New Porsche Panamera Turbo S E-Hybrid Sport Turismo 2017 review
Porsche’s sleek Panamera Sport Turismo estate gets boosted plug-in performance, with 671bhp and 850Nm
As a technical exercise it’s impossible not to be impressed by Porsche’s hybrid integration with its new range-topping Sport Turismo. There’s ridiculous pace and huge agility, while its low emissions will please the tax man, too. However, the V6-powered Panamera 4 S E-Hybrid does the latter without the Turbo S E-Hybrid’s massive price, while the petrol-only Turbo is the better outright sporting choice.
By doing so, Porsche has upped the power from the 4.0-litre twin turbo V8 that powers the standard Turbo, adding a parallel hybrid powertrain. This has not only created the most powerful Panamera ever, with a faintly ludicrous 671bhp, but the one with the longest name.
Officially, the car you see here is called the Panamera Turbo S E-Hybrid Sport Turismo, but it’d be an impressive feat to place that on shapely backside of the Sport Turismo estate. It’s just the Panamera Turbo S there, the acid green outline highlighting to those in the know that Porsche’s highest performance Panamera is also electrically-charged.
The company isn’t afraid to admit that this car’s hybrid module is all about performance. Yes, there are some efficiency benefits of popping a 136bhp, 400Nm electric motor between the 4.0-litre V8 and the eight-speed PDK automatic transmission, but really, it’s all about the combined output. The lofty numbers are enough for Porsche to lay claim to the title of the world’s most powerful estate car – the fact it’ll drive up to 30 miles on battery power alone is merely a conscience-salving bonus.
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There’s a trade-off with all the hybrid technology, however. The Turbo S E-Hybrid loses 95 litres of bootspace over a conventional Sport Turismo, while also adding a 215kg weight penalty.
In spite of its ample bulk, the numbers associated with it are certainly deserving of that Turbo S status. With four-wheel drive, all that additional power and torque and wider rear tyres, it’ll reach 62mph in 3.4 seconds – two tenths of a second quicker than a Sport Chrono-equipped Turbo. Keep the accelerator pushed hard to the floor and it’ll double that in 11.9 seconds – on to a slightly higher 192mph top speed, too.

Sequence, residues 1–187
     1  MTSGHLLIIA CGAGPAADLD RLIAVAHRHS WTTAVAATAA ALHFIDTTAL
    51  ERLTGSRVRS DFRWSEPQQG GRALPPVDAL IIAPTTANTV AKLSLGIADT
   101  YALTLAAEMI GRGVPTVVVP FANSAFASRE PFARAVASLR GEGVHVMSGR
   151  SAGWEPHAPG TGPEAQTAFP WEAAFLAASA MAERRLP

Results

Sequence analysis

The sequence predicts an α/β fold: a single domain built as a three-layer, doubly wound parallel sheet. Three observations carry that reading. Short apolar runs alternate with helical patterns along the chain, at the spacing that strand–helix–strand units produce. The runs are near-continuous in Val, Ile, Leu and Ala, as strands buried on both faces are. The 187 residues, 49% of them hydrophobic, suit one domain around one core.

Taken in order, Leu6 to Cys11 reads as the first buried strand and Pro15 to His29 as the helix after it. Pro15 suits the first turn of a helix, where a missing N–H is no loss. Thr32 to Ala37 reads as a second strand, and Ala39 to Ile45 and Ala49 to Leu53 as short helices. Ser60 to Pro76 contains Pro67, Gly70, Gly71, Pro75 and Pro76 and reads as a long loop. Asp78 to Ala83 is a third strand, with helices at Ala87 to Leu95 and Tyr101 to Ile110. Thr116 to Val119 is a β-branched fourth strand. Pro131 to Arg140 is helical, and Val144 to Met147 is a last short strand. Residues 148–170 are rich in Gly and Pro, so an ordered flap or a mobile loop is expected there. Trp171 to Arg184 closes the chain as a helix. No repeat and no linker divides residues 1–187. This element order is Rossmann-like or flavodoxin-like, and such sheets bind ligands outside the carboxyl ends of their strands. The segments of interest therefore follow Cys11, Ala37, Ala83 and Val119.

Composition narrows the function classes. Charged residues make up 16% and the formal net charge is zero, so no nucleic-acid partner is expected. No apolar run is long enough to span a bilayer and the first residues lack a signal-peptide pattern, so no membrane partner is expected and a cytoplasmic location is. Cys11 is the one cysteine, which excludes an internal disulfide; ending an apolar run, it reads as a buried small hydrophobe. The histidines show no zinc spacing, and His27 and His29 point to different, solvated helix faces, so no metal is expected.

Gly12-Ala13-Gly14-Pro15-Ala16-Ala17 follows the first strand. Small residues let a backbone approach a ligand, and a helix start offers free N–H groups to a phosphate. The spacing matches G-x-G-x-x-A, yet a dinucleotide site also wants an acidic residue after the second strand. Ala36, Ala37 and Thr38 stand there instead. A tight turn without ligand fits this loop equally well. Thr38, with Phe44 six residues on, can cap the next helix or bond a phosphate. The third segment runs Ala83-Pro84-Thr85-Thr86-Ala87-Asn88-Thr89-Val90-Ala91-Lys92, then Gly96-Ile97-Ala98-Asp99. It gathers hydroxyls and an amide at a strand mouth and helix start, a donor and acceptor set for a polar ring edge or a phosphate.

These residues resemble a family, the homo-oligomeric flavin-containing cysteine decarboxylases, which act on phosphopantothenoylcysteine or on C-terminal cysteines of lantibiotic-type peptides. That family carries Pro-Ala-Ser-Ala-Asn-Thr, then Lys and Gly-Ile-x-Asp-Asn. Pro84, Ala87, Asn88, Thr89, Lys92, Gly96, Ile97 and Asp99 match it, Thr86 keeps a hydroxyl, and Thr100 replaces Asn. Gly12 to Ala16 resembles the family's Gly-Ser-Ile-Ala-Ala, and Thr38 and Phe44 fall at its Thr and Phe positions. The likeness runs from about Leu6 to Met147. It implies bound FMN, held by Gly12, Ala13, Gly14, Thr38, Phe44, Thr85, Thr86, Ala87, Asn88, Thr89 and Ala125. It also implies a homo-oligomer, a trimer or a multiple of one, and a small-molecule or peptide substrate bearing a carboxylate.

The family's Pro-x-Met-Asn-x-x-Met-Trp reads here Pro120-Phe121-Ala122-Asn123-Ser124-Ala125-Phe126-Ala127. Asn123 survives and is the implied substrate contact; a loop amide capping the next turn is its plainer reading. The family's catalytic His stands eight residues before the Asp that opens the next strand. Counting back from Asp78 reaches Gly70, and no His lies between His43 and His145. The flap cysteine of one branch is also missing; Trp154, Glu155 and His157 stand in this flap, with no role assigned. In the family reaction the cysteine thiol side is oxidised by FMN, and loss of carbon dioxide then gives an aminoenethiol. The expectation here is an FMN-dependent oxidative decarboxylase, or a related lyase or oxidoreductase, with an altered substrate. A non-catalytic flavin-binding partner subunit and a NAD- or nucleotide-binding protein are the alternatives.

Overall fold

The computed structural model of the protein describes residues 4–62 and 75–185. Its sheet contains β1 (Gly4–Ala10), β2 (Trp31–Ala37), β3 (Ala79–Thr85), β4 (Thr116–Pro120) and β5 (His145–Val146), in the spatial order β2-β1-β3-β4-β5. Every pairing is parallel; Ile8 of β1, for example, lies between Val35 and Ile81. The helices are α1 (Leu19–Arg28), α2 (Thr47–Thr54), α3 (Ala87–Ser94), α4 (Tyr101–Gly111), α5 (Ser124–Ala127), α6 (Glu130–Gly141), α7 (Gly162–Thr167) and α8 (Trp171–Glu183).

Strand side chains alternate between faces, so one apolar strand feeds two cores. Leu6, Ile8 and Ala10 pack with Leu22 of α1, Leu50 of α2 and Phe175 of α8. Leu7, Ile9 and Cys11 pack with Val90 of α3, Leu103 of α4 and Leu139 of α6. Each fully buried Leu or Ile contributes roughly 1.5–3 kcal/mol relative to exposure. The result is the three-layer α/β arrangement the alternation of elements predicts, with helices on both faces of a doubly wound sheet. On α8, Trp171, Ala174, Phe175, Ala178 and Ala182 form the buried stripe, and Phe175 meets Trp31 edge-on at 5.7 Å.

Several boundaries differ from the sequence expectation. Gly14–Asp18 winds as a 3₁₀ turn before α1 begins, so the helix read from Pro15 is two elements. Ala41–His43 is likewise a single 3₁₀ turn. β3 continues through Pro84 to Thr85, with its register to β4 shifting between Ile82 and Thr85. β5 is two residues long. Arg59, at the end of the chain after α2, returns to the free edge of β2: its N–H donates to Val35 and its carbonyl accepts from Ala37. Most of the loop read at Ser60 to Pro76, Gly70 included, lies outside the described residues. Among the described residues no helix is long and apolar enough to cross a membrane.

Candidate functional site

The weight does little to blunt the Turbo S’s agility, thanks in no small part to Porsche’s specification of almost every available chassis system as standard. There is adaptive, three-chamber air suspension with Porsche Active Suspension Management, Porsche Dynamic Chassis Control Sport and Porsche Torque Vectoring Plus, as well as Porsche Ceramic Composite Brakes.
All that wizardry is managed by Porsche’s 4D Chassis Control. Indeed, the only option you can add to the already lengthy list of agility-enhancing acronyms is rear axle steering. It’s inconceivable that any buyers at this price point won’t do so, as it does wonders in shrinking the Panamera’s size, markedly improving the turn-in response. The steering itself offers fine weight, if not masses of feel, and the suspension rides with a suppleness that’s limo-like in its Comfort setting and taut and controlled in its more sporting choices. Only the odd ridge upsets the air suspension’s composure.
The standard ceramic PCCB brakes do a great job of hauling back all that mass, even if the pedal feel isn’t quite as incisive as its non-hybrid relations.
There’s active aerodynamics to help should you chance upon a high speed run on the autobahn. Here, the Panamera Turbo S E-Hybrid Sport Turismo accelerates with seemingly endless urge. That’s facilitated by the huge 850Nm of torque – produced in a flat line from 1,400rpm to 5,600rpm. It is that which defines the performance.
The elasticity of response from that hugely powerful hybrid powertrain brings always-available pace, in fact. With that comes some unusual, and not necessarily entirely welcome traits, however, at least when applied to the Turbo S badge here.
There’s plentiful force but little actual drama. The ordinary Panamera Turbo does acceleration that’s vivid, brutal and backed with a rousing, often unruly soundtrack. The sound made by a Mercedes-AMG E 63 estate or Audi RS6 will leave you tingling in comparison, too. They’re more practical, as well.
Yes, the Turbo S E-Hybrid has the ability to readjust your internals in Sport or Sport+ modes with its acceleration and cornering ability, but it loses the visceral edge of its conventionally-powered relation and rocketship rivals. The force it generates is more linear, yet less unhinged despite the numbers associated with it.
It’ll bend time, but it does so in an almost apologetic, muted fashion, with the hybrid system civilising its performance, crazy as that might sound.
The actual advantages it brings then are arguably negated. A similarly-equipped Turbo will be just as quick in the real world, needs less management of its powertrain and, thanks to the reduced bulk, make more from the chassis. With the Turbo S the huge specification feels like it’s there to compensate rather than to enhance, which is somewhat at odds with the expectation of the badge it wears.
For those interested in running costs, and bizarrely, many will be – the Turbo S E-Hybrid emits just 69g/km of CO2, while allegedly returning almost 100mpg. You’ll need a relatively short commute and regular access to a charge point to realise those numbers, but company bosses looking to minimise their tax bills will be pleased to see it sits in the same (13 per cent) bracket as a Toyota Prius.